RocksDB server - fast key-value storage for SSD drives

    RocksDBRocksDB - Permanent key-value storage for fast drives. Its main purpose is to store data on flash drives.

    The bottleneck in performance is often access to the database.
    This problem can be solved in different ways.
    Using a cache solves the performance problem, but significantly complicates the architecture of the program. Graph databases come out of the situation due to the optimal algorithms for this task. Another type of solution is storage that achieves high performance through the use of fast media.
    Recently, many NoSQL storages have appeared that completely store data in memory. But memory is still expensive and its size is limited. The increase in memory due to sharding again rests on the cost.
    A logical way out would be to use SSD drives. They have a relatively low cost and at the same time a very short response time.

    Unfortunately, despite the fact that SSDs have been around for several years, not many databases are optimized to work with them. The main problem when using an SSD drive as a media for a database is multiple rewriting of the same blocks. T.N. "Freezing."

    RocksDB is a flexible, productive embedded NoSQL repository. It is designed for use on fast media such as SSD drives. It is written on Facebook and is based on Google's LevelDB.
    If you do not go into details, the main differences from LevelDB are the engine optimized for working with flash drives; optimization for working with large volumes of data; great flexibility and extensibility, and as a result, a lot of tasty buns that are not in LevelDB.

    As I said, RocksDB is an embedded solution. And in order to use it, you need to either build it into your application or wrap it in a server. I needed it for use in web applications. And, for certain reasons, related to the fact that only one process (but not a thread) can have access to it, I needed a server.
    I learned about RocksDB about a year ago and patiently waited for someone to start writing a server for it. Everything that appeared during this time did not suit me fully. So I decided to write my own server wrapper over RocksDB.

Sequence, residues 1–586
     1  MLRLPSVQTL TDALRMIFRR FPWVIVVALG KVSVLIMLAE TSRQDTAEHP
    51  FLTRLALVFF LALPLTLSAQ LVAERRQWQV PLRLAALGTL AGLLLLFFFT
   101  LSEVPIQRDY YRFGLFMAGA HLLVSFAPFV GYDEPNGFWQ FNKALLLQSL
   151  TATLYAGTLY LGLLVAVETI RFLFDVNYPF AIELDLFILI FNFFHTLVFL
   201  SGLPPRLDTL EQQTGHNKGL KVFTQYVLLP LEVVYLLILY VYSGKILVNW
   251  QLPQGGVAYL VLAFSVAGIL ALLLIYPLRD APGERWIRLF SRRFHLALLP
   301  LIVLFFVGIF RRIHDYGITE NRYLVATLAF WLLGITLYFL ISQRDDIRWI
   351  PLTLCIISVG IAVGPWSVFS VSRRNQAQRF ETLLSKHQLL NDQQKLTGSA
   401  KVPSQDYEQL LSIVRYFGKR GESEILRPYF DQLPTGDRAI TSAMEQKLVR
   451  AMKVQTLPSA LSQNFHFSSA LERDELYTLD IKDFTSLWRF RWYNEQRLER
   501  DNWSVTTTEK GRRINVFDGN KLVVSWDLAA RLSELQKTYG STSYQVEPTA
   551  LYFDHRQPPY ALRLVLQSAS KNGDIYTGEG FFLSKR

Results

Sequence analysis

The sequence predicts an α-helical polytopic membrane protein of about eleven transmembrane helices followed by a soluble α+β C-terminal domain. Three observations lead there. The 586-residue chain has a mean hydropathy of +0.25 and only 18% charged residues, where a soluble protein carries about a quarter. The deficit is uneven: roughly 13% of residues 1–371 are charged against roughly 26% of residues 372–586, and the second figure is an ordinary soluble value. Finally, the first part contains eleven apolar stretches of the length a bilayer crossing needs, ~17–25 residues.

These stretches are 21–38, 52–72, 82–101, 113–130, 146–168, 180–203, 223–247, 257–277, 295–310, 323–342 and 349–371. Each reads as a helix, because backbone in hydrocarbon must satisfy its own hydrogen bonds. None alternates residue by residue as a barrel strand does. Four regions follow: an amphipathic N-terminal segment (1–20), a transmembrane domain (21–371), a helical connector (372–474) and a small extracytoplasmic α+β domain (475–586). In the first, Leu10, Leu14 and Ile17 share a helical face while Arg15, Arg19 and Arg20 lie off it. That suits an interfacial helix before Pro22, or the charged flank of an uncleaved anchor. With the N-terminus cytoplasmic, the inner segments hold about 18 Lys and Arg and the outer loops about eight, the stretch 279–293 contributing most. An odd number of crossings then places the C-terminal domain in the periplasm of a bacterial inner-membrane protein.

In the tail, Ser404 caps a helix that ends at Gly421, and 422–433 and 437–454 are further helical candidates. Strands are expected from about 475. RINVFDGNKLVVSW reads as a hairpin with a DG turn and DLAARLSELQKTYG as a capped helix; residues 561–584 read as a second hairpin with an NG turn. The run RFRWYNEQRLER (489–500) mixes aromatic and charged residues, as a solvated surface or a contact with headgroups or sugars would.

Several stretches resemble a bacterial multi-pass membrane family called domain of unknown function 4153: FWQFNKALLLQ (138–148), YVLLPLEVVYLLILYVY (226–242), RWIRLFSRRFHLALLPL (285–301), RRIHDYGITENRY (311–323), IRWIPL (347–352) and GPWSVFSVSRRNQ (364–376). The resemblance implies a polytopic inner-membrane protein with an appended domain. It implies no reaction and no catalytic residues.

RocksServer is a single-threaded http server that provides access to RocksDB.

    The server is written in C ++. To implement the http layer, Libevent was used .
    Besides Libevent and RocksDB, the code does not contain any other dependencies.

    RocksDB has very rich features. I implemented only the basic functionality that I need at the moment. In the future, of course, as far as possible, I plan to expand the functionality of the server.

    I did not conduct large-scale benchmarks, but preliminary performance measurements showed quite decent results.

    Currently Supported Operations:
    Getget one value by key
    Multi getatomically get multiple values ​​from a set of keys
    Setset one value by key
    Multi setatomically set multiple values ​​on a key set
    Delete keyremove the key from the database
    Multi deleteatomically delete multiple keys
    Check key existquick check of the key in the database (with the ability to quickly extract the value)
    Imcrementatomic increase / decrease by a specified value

    If necessary, the list of operations can be easily expanded. To do this, you just need to implement the interface:

        struct RequestBase 
            virtual ~RequestBase() {} 
             *  Runs request listener 
             *  @param       event request object 
             *  @param       event buffer object 
            virtual void run(const EvRequest &, const EvBuffer &) = 0;